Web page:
Southern Baptist Convention leader David Platt is stepping down Sept. 17 as president of the denomination’s International Mission Board to focus on being the pastor of a local church.
Platt, 39, announced seven months ago plans to transition out of the post when his replacement is found. In a statement released Sept. 14, however, Platt said leaders of the IMB board of trustees recently expressed concerns about him serving as pastor of McLean Bible Church in suburban Washington, D.C., while finishing up his time at the Richmond, Virginia,-based missions agency and asked him to reconsider.
Platt, pastor of an Alabama megachurch before accepting the IMB presidency in 2014, was installed last fall as teaching pastor at McLean Bible Church, a multi-site congregation with an average 13,000 worshippers each weekend. He said at the time he was “all in” as IMB president, and trustees agreed to let him work both jobs pending evaluation of the arrangement in coming months.
In February Platt told the board of trustees he came to a “sobering” realization it was “not viable long-term” for him to be IMB president while serving as a teaching pastor in a church and asked them to begin seeking his successor.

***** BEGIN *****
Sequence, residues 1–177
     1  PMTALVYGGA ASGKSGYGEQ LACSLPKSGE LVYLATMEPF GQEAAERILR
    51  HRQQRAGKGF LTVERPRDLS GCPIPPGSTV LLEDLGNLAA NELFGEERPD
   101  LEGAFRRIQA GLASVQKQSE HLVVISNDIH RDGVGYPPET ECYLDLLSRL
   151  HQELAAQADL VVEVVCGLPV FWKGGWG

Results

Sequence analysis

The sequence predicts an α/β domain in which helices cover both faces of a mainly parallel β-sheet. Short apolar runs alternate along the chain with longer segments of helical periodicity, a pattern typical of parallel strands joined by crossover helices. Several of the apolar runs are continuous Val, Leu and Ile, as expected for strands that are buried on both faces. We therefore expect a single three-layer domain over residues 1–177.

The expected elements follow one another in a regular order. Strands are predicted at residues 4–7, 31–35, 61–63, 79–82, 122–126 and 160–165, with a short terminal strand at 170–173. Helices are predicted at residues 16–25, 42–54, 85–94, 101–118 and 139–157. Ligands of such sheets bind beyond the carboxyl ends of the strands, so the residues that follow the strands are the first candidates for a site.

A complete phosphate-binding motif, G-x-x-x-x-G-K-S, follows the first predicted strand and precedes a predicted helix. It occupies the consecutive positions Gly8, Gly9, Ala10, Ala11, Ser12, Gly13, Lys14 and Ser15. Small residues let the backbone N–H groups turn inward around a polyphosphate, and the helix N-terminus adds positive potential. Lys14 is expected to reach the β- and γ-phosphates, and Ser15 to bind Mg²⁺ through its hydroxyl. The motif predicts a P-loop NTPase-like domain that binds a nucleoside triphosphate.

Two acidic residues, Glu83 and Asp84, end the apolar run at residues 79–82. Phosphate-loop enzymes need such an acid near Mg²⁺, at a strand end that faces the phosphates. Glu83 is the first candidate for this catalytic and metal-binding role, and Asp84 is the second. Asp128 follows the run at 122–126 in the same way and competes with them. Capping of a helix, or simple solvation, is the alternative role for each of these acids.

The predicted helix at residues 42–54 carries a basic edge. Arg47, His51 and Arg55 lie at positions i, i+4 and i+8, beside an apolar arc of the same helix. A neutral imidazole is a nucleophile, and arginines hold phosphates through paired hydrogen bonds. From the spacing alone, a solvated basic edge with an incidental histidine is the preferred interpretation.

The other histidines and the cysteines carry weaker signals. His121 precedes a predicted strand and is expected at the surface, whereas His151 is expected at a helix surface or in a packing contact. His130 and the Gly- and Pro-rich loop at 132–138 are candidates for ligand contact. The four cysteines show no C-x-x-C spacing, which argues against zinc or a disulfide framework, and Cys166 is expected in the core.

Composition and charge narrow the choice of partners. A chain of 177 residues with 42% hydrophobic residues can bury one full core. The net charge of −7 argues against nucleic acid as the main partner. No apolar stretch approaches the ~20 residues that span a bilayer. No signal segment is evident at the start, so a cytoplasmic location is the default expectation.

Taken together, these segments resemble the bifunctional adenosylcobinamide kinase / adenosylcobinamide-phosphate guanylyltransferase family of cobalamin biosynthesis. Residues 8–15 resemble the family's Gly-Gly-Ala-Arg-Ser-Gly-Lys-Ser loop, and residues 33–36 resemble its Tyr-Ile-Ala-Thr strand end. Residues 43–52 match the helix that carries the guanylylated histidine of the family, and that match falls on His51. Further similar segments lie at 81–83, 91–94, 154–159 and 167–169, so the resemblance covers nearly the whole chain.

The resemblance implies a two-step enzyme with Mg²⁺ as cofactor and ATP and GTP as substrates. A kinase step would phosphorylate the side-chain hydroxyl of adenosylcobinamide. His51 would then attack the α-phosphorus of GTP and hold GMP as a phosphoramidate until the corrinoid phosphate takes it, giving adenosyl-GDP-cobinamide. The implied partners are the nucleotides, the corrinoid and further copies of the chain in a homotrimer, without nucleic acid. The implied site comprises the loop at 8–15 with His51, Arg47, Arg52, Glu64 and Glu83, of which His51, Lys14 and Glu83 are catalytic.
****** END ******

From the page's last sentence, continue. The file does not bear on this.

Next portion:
Board chairman Rick Dunbar, a member of First Baptist Church in Madison, Mississippi, who works as an emergency medicine physician, said after discussing it with Platt trustee officers decided to “release David from his commitment to the IMB in order to allow him to focus full time on his new role in gospel ministry at McLean Bible Church, and for the IMB to move forward into a transition period.”
At the same meeting, the board’s executive committee named Clyde Meador, a 42-year IMB employee who came out of retirement to serve as Platt’s executive adviser, as interim president, subject to approval by the full board of trustees later this month.
In just over four years at the International Mission Board, Platt oversaw a major downsizing to balance a long-term budget deficit and led the agency to drop a controversial policy instituted in 2005 that disqualified missionary candidates using a “private prayer language,” a form of speaking in tongues.
Last year he apologized for the agency’s decision to file a legal brief supporting Muslims seeking to build a mosque in New Jersey and revised policy to in the future file amicus briefs that “speak only into situations that are directly tied to our mission.”
In July Platt called for an independent investigation into the IMB’s handling of a former missionary investigated internally in 2007 for allegedly sexually abusing a teenage girl after his arrest over the same incident this summer.
Platt called it “extremely disturbing” that the man, Mark Aderholt, was allowed to resign instead of being fired and from there went on to serve on staff at Southern Baptist churches and as a high-level executive at an SBC affiliated Baptist state convention.
An IMB spokesperson told Richmond television station WRIC the outside probe “has absolutely nothing to do” with Platt’s resignation.